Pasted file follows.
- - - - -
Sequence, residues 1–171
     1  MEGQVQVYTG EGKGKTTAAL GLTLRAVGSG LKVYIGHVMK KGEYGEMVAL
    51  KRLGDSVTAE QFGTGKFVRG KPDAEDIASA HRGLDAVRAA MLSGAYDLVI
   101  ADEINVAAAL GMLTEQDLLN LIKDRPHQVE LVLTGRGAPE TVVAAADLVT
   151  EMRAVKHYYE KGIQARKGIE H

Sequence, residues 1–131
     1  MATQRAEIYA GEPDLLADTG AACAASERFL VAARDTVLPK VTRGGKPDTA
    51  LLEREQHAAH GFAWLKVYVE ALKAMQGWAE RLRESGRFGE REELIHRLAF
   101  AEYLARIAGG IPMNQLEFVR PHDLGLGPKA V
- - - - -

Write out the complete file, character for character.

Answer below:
Sequence, residues 1–171
     1  MEGQVQVYTG EGKGKTTAAL GLTLRAVGSG LKVYIGHVMK KGEYGEMVAL
    51  KRLGDSVTAE QFGTGKFVRG KPDAEDIASA HRGLDAVRAA MLSGAYDLVI
   101  ADEINVAAAL GMLTEQDLLN LIKDRPHQVE LVLTGRGAPE TVVAAADLVT
   151  EMRAVKHYYE KGIQARKGIE H

Sequence, residues 1–131
     1  MATQRAEIYA GEPDLLADTG AACAASERFL VAARDTVLPK VTRGGKPDTA
    51  LLEREQHAAH GFAWLKVYVE ALKAMQGWAE RLRESGRFGE REELIHRLAF
   101  AEYLARIAGG IPMNQLEFVR PHDLGLGPKA V